Do Coffee Tables Have Anything To Do With Coffee?

While a coffee table may be the center of your living room — home to television remotes, plants, decorative trays, and even large hardcover books — it may not be the place you sip your morning cup of joe. In fact, you may find it easier to sip your coffee at the kitchen table, or from a traveler mug in the car. So why does the term coffee table have the word "coffee" in it?  

It actually started with another beverage: tea. Let's go back in time to the 17th century, when tea tables began to appear in homes across Europe. According to Laurel Crown, tea tables were tall, round tables that accommodated seated or standing guests for afternoon and high tea. By the 18th century, the table went from a stationary fixture to a tea caddy on wheels, where hosts could transport it around the room for serving. 

With tea being one of the earliest drinks to date (per isequalto), it only made sense to have a table dedicated to it. In fact, coffee didn't come around until about 3,000 years after tea was discovered, but once the first coffeehouse opened, popularity for the hot caffeinated beverage spread like wildfire.

Yes, but it all started with tea

According to The Examiner News, the first coffeehouse opened in London in 1652, with more spreading throughout Europe soon after. In those coffeehouses, tea tables were present with an updated appearance from their earlier versions. These tables sat 27 inches in height, were stationary with no wheels, and required seated guests. The idea of the tea table stemmed from needing to place a hot cup down between sips. The burning question is why aren't coffee tables as high as tea tables? It's not exactly convenient to dig yourself out of a comfy couch and hunch over a low table, just to grab a sip.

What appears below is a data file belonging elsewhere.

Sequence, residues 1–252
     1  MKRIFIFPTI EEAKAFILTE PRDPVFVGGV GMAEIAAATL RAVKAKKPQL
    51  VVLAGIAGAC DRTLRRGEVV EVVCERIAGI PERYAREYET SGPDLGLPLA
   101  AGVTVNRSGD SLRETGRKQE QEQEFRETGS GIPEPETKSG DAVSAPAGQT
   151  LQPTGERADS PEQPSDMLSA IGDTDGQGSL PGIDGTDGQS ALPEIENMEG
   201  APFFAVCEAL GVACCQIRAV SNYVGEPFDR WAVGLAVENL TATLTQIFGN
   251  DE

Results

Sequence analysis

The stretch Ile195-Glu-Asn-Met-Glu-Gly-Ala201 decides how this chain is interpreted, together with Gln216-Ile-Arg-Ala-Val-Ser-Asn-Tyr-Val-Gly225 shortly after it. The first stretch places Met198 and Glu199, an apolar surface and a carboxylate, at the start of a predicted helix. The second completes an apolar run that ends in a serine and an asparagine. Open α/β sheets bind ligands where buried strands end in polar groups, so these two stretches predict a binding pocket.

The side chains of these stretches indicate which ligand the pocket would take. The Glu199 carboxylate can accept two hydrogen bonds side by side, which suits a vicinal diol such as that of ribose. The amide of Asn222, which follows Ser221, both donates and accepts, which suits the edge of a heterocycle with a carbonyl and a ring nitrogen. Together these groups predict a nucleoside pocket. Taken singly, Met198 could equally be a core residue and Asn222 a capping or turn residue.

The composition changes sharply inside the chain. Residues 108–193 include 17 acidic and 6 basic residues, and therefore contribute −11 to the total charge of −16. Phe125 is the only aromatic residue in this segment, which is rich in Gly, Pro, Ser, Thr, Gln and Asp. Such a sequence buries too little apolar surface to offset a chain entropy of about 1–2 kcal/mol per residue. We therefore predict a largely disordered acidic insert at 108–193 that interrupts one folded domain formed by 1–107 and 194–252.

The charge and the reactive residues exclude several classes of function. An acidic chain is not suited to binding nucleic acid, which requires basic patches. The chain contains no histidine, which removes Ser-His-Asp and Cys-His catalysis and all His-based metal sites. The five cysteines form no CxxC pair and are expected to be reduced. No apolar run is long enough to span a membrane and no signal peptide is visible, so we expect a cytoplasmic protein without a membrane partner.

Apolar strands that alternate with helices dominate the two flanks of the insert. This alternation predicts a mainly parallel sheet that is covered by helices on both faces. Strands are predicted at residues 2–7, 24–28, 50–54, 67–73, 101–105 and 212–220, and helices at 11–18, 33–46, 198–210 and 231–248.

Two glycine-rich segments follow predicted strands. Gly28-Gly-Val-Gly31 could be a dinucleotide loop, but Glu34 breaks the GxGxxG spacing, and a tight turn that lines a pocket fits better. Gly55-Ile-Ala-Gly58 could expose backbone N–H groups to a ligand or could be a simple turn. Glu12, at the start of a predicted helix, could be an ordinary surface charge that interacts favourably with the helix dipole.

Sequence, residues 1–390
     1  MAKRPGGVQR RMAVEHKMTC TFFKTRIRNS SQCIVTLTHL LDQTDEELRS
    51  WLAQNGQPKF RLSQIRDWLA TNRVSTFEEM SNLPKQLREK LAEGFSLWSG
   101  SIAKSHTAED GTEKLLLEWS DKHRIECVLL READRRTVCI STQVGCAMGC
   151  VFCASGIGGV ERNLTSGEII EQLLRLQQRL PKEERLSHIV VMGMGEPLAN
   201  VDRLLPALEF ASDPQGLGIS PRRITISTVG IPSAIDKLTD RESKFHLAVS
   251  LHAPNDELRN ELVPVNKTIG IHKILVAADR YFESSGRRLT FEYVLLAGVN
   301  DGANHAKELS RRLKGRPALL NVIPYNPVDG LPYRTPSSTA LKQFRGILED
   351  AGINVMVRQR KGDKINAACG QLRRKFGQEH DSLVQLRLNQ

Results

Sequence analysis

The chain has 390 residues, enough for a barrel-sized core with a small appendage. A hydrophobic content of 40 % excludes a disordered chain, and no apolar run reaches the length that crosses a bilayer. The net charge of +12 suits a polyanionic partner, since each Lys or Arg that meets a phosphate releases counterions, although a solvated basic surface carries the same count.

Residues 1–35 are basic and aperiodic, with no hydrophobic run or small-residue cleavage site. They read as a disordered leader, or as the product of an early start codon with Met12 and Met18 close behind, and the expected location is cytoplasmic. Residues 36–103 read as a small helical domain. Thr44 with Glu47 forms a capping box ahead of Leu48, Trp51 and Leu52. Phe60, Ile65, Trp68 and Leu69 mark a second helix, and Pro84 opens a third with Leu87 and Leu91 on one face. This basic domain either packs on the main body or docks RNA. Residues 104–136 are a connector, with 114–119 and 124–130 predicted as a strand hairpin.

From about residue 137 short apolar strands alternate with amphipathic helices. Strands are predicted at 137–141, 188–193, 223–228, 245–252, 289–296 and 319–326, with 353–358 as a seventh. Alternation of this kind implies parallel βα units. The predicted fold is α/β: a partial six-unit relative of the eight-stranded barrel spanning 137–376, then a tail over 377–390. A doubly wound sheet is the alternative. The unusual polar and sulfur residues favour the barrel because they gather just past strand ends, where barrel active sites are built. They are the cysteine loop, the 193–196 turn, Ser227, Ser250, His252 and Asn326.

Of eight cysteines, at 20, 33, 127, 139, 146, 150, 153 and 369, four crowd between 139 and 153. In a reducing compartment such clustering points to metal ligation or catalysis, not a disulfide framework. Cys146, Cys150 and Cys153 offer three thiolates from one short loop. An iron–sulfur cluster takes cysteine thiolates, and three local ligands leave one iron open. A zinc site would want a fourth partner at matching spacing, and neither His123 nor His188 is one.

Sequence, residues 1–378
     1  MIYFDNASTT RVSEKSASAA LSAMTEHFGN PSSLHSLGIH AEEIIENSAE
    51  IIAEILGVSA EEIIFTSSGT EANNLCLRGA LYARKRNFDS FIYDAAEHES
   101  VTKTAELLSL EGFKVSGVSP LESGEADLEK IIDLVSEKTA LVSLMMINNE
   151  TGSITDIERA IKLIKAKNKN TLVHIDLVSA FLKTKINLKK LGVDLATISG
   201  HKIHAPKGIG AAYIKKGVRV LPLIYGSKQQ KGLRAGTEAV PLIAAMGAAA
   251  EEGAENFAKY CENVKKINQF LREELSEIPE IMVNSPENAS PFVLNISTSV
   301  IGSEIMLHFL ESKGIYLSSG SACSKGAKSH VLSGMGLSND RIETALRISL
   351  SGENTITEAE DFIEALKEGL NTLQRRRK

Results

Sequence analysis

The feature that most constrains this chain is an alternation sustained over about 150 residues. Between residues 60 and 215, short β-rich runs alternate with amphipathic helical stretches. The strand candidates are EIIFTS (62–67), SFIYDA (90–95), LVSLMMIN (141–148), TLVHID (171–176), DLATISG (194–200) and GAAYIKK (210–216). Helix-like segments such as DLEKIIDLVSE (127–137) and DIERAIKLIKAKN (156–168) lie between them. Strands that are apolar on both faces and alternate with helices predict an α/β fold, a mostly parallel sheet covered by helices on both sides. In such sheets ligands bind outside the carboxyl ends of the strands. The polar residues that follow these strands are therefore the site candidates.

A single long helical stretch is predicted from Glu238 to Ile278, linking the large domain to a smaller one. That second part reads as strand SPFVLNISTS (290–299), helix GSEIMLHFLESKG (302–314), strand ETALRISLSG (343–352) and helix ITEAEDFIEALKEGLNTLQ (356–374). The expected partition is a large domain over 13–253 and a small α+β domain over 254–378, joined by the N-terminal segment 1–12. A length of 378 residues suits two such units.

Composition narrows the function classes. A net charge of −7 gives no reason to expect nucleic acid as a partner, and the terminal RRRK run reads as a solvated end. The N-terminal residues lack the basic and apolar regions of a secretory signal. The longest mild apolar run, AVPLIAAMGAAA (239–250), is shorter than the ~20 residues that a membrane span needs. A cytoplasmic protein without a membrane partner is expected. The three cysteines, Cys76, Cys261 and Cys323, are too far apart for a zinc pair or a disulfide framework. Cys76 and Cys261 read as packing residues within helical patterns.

Architectural Digest states that in the 19th century, coffee took the place of tea as America's favorite beverage, with employers promoting coffee breaks in the workplace. The hot drink eventually became more accessible, as people started learning how to brew coffee at home, and furniture manufacturers decided to give the beverage its own table with a much more relaxed, comfortable feel. This meant lower in height, specifically 18 to 19 inches tall. It's unknown who coined the phrase "coffee table," but what was the purpose of making it lower to the ground?

Why are coffee tables lower in height?

One theory as to why the coffee table is shorter is that it invites more social interaction, allowing you to see across the table to talk to people (via The Examiner News). Laurel Crown has another theory, stating that the Anglo-Japanese style of furniture was incredibly popular during the 1870s and 1880s, and lower tables were very common in Japan. 

While we may not use this necessary piece for coffee much in today's time, it's so common that without one some rooms feel bare. In fact, from an interior design standpoint, Architectural Digest states that the coffee table's low height makes it a less dramatic piece that can enhance a small space.  

The founder and creative director of Address Home, Rajat Singhi, shares with Architectural Digest that a coffee table should be the same height, if not one to two inches lower, than your couch cushions, and two-thirds the length of your couch.